Car Battery That Charges In 15 Minutes
With this new rechargeable car battery, the industry takes a quantum leap.
There’s a bit of irony in the fact that the automotive industry’s hot new product is one that was known for catching fire. But according to Jagdeep Singh, “fire” will soon be a foreign word when it comes to the lithium-ion battery—or at least, the newest incarnation of it.
Unlike other lithium-ion batteries that can short out, catch fire or even explode under the wrong circumstances, the lithium-metal version uses a flexible ceramic separator to keep electrodes safe and stable. Courtesy QuantumScape Corp.
Singh, CEO of San Jose, Calif.-based electric battery developer QuantumScape, recently announced progress in creation of the lithium-metal solid-state car battery, a unit that charges to near full capacity in a mere 15 minutes (compared to 40 minutes in the standard lithium-ion model), enables a vehicle to drive 80 percent farther on a charge, is more weather-resistant, and theoretically could last “hundreds of thousands of miles of driving,” potentially twice as long as lithium-ion, Singh says.
It also won’t catch fire or explode during accidents, something that other rechargeable battery types occasionally do.
The lithium-metal unit is a huge breakthrough in the effort to move drivers away from polluting fossil fuel-based vehicles, and toward cleaner electric, zero-carbon emission (CO2e) ones. Gasoline-powered passenger road vehicles—cars, motorcycles, and buses—account for 11 percent of the world’s CO2e, according to the International Energy Agency.
In QuantumScape’s product development lab, employees are fine-tuning efficiency of the company’s new solid-state lithium metal battery. Courtesy QuantumScape Corp.
As a result, states like California, New York, and New Jersey have already announced plans or are considering efforts to phase out gasoline car sales by 2035. Also, those states and nine others recently called on President Biden to ban sales of new gas-driven vehicles nationwide by that year.
At the moment, electric battery sales only make up 2 percent of the market, and that’s not likely to change. “A transition to transportation that runs on electricity from renewable energy won’t happen until batteries are on par with, or better than, the internal combustion engine,” Singh says.
Tech investors agreed. In 2020 giants such as Volkswagen (VW) and Microsoft co-founder Bill Gates contributed $380 million toward QuantumScape’s research and the company’s plan to go public; VW added $100 million this past March after seeing the company’s progress. QuantumScape has also entered a joint venture to begin making rechargeable batteries for VW by 2025.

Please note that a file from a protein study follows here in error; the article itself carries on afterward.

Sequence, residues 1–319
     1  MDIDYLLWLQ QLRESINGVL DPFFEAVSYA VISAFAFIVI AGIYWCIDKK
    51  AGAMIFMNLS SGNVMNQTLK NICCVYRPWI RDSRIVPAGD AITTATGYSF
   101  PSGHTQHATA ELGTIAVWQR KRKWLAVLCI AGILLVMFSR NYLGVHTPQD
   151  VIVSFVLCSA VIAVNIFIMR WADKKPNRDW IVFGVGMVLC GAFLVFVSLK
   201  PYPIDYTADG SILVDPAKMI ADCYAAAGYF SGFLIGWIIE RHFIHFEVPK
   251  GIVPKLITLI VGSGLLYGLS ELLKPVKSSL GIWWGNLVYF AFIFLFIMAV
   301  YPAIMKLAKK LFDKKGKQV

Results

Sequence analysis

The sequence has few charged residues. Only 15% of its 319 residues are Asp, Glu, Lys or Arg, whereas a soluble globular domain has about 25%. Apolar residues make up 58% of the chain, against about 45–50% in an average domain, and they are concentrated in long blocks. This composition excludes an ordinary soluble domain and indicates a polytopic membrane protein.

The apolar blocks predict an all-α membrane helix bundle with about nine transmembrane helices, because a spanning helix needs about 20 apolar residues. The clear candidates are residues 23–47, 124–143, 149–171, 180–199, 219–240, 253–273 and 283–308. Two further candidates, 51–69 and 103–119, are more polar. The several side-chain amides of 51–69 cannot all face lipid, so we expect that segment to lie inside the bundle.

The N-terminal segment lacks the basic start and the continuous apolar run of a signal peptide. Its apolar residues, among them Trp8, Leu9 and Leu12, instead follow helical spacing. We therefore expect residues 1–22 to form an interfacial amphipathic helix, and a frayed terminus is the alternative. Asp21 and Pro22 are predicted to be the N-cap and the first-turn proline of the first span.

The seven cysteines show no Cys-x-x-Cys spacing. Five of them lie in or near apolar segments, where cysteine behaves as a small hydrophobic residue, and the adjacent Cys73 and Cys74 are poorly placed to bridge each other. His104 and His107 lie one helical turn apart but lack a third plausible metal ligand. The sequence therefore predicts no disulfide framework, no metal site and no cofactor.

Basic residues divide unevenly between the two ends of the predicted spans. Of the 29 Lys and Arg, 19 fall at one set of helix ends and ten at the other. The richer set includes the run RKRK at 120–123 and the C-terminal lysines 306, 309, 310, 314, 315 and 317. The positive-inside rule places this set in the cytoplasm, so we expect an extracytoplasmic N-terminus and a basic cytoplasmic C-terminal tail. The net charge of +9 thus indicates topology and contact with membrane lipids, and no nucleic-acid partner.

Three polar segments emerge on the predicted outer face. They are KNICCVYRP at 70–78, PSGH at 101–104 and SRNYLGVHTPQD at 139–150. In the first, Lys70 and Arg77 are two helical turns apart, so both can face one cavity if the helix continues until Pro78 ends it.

To improve its ability to produce solid-state lithium metal batteries, QuantumScape will be moving its research and development site to a new, larger site in northern San Jose, California before the end of 2021. Courtesy Exeter Property Group
Volkswagen, the world’s second-largest automaker based on sales (according to CNN), has been researching electric battery technology for the past decade. Because solid-state batteries “are the end game” in rechargeables, according to Frank Blome, director of VW’s Battery Center of Excellence and a member of QuantumScape’s board of directors, it makes sense to explore all options.
The manufacturer has several battery-type projects in the works as possible ways to power its future lineup of vehicles, and QuantumScape’s is one of the most viable, Blome notes.
Gates notes that an improved market price for rechargeable batteries will continue to draw interest from consumers and other automakers. It costs 85 percent less today to buy a clean battery than it did in 2010. “This will hopefully make electric vehicles a realistic option for every car owner,” Gates wrote in his blog at GatesNotes.com. The big obstacle is whether the batteries can be made for long-haul trips: Most only have a 200- to 300-mile range, depending on vehicle design, he adds.
Carbon Reduction Stats
15 Minutes Charging a lithium-metal battery to 80 percent capacity
0 Running on Fossil Fuels The goal set by numerous states for sale of gas-powered autos by 2035
$480 million for Research Amount contributed thus far by tech players such as Bill Gates and Volkswagen
That puts QuantumScape ahead of its competitors for now. A car with the forthcoming lithium-metal variety could travel 300 to 400 miles compared to a vehicle with the 200-mile standard lithium-ion, the company notes.
Paul Albertus, an assistant professor of chemical and biomolecular engineering at the University of Maryland, has followed the lithium-metal battery field for some time. He considers QuantumScape’s progress impressive. “They’ve gone much further than other things I’ve seen,” Albertus says. “They’ve run a marathon while everyone else has done a 5K.”
QuantumScape is a 2021 Green Builder Media Eco-Leaders award winner. Download the 2021 Eco-Leaders issue to read profiles of other winners of this prestigious award.